FIFA complacent in rising death toll

The situation in Qatar reveals more than the need for domestic reform. It makes clear that FIFA disregard human rights. The world’s leading football association, following the 2018 Russia World Cup, are once again showing their role in “sportswashing”. The term describes a nation – often one accused of human rights violations – using sport to rebrand itself. Sportswashing nations are hiding behind the façade of glamour and sport to cover up a negative image of the nation. Awarding the 2018 and 2022 World Cups to Russia and Qatar exposes widespread corruption within FIFA. The fact that these nations bought the right to host the event for this very purpose was clear.

FIFA, the organizers of the world’s most watched sports event which holds corporate partnerships with giants such as Coca-Cola, Visa, McDonald’s, and Adidas, have very little to say on the issue of migrant workers in Qatar. In direct contradiction with the testimonies of workers and observers, a spokesperson claimed:


This claim is not supported by any evidence. With inconsistency and poor collaboration between nations in recording the number of migrant worker deaths, it is difficult to know the true extent of the problem. What is clear is that change to the kafala system is essential and urgently needed. FIFA must confront the issue, or risk endorsing through silence the exploitation of migrants and disregard for human rights.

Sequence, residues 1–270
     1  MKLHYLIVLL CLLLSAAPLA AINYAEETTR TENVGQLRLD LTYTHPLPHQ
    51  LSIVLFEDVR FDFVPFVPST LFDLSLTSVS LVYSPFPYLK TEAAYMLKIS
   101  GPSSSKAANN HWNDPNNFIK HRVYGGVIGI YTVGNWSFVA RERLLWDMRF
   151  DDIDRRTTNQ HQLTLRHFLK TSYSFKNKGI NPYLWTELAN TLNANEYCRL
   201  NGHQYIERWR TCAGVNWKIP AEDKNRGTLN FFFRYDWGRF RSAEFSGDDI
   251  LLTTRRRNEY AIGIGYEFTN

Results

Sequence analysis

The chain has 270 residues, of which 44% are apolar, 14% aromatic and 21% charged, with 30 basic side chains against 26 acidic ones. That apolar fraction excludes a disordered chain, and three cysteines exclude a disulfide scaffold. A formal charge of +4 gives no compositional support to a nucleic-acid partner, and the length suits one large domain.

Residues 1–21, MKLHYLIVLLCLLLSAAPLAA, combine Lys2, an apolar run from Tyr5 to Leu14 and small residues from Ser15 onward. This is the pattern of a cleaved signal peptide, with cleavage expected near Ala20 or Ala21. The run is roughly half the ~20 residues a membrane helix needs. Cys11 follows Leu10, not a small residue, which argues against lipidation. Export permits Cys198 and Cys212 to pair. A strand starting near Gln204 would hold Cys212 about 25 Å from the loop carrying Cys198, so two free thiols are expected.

Written By Harry Markham

A Raw Tribute to Mr. Brodie Lee

Mr. Brodie Lee recently reminded me to never stop betting on myself, so I felt compelled to dedicate this month’s editorial entirely to him. As a preface, this piece is going to be a little raw (no pun intended).

Professional wrestling is one of those interests that became part of my life along the way. I think it’s a misconception that older wrestling fans are all die-hards. People don’t realize that wrestling is simply another item on The List (pun intended) of things we enjoy, similar to watching the NBA, playing Fantasy Football, or binge-watching new shows.

People who don’t like wrestling will always think it’s stupid and weird. They’ll adopt the generic, stereotypical position that people who enjoy wrestling are stupid weird. Well, my response to this lately has been, “You know what? I think people simulating rape and murder on shows like Criminal Minds is pretty fucking weird.”

If people just knew how many deaths the longtime wrestling fan must endure, maybe they’d leave us alone. When I was barely a teenager, the great Owen Hart plunged to his death during a live WWE show. I thought it was tragic and rare at the time. Now I know it was just tragic.

Fans react differently to the passing of wrestlers based on their own histories of reinforcement. Perhaps they remember watching their favorite wrestler on WCW Saturday Night with their father or maybe they have a special WrestleMania memory involving close friends. Add to this the often tragic, abrupt, and unexpected nature of deaths in wrestling, and it’s easy to see why adult wrestling fans have such strong emotional reactions to events like Brodie Lee’s recent passing.